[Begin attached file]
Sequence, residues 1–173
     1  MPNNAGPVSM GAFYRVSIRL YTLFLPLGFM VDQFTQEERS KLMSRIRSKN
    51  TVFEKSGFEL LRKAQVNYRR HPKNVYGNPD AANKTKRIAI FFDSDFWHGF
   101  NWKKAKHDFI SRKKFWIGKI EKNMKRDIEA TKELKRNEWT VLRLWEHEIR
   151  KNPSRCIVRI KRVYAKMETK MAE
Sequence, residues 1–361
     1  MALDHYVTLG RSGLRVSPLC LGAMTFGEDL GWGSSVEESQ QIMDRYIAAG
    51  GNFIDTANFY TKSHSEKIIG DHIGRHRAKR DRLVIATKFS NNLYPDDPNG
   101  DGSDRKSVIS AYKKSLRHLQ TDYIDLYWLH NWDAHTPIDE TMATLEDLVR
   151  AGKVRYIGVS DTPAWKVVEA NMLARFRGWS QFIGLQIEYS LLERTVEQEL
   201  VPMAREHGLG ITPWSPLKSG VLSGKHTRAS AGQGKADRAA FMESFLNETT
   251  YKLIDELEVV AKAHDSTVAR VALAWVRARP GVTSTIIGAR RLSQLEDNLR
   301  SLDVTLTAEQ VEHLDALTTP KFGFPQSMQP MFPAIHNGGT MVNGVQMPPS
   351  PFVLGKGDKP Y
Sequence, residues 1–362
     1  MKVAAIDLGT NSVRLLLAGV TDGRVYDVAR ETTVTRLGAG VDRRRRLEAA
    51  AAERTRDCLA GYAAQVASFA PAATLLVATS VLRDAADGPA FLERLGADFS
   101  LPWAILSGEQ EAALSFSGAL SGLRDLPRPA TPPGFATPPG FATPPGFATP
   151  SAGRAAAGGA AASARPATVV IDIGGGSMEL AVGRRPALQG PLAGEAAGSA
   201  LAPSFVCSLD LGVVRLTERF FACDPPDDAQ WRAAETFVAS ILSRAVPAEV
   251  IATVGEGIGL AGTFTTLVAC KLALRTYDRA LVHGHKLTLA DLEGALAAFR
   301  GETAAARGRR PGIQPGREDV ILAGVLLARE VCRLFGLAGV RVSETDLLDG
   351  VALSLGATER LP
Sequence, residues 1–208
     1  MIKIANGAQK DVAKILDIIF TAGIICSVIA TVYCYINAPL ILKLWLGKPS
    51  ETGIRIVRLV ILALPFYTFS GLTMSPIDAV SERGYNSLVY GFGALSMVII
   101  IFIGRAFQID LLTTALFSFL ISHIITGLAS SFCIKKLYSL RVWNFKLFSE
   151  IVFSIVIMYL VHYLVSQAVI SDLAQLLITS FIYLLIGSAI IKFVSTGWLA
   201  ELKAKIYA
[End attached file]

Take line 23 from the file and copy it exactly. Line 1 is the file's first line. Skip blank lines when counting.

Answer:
   351  VALSLGATER LP